"Oprah is a great inspiration but her mistake was naming it the Oprah Winfrey Network," said Brad Siegel, vice chairman of the GMC and Aspire channels. "People were expecting more of Oprah than they got."
Johnson did not want his name on his channel, Siegel said, and instead will put the spotlight on promising African-American artists, writers and musicians with a series of video vignettes.
The harsh reality of TV life is that time may be running short for Oprah to use OWN as the platform from which she trumpets her message. Although Discovery says it has no intention of killing the channel, not everyone thinks OWN will reverse its decline.
"I'm not sure the channel makes it unless it expands its base beyond the aspirational, Oprah-type brand," said Robert Thompson, a professor of TV and popular culture at Syracuse University.
"They need to find their 'Jersey Shore,' the show that will make people come to watch them," he said. "When MTV started doing 'Road Rules,' people at first said, 'where are the music videos?' Now, they have very successfully rebranded themselves."
For now, advertisers are sticking with the doyenne of talk. Early sponsors have reaffirmed their commitment to the network, OWN's Logan said, and General Motors said the company planned to continue advertising on the channel.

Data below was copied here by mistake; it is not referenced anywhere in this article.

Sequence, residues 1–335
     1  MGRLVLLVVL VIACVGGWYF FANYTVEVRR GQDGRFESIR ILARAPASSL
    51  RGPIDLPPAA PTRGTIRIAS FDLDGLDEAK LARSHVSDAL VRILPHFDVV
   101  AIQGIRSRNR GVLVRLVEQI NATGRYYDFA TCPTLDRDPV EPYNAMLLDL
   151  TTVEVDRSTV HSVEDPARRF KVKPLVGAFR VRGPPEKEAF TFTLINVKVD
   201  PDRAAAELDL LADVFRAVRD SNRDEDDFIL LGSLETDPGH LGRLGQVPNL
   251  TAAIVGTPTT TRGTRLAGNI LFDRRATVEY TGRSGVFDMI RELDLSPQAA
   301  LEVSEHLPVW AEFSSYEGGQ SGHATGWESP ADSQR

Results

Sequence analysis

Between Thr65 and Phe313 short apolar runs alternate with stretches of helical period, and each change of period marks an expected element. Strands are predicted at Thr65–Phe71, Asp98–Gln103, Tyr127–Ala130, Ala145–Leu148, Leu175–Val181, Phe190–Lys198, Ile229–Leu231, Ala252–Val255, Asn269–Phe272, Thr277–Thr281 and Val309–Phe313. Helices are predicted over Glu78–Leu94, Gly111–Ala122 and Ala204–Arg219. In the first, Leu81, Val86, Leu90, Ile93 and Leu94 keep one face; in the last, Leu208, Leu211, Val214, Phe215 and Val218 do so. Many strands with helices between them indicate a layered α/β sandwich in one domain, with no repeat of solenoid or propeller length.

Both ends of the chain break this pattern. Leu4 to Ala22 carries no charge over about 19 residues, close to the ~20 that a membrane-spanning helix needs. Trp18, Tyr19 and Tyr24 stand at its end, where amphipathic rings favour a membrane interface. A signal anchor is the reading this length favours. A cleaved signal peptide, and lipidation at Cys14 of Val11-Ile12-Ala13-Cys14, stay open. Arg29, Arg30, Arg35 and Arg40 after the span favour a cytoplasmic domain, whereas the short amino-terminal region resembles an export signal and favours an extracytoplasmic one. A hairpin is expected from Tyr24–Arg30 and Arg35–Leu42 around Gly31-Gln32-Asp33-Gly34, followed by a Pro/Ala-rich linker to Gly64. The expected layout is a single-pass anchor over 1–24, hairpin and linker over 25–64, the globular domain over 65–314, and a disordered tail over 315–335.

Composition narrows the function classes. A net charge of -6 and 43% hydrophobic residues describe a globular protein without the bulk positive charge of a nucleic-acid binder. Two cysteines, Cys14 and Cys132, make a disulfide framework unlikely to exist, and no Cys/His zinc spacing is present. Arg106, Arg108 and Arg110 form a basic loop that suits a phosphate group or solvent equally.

"It will take a little more time to achieve the expectations that she initially set," said Andy Donchin, director of national broadcasting for ad-buying agency Carat North America, which has bought time on OWN for its clients. "It's hard to bet against her because almost everything she touched turned to gold."
(Reporting By Lisa Richwine and Ronald Grover; Edited by Peter Lauria and Maureen Bavdek)
- The 10 Most Corrupt and Least Corrupt Countries in the World
- Driver in fatal New York train crash 'zoned out': union
- Biden calls for trust with China amid airspace dispute |
- EU Commission fines banks $2.3 billion for benchmark rigging
- HTC 'One Mini' faces UK ban after court ruling on patent infringement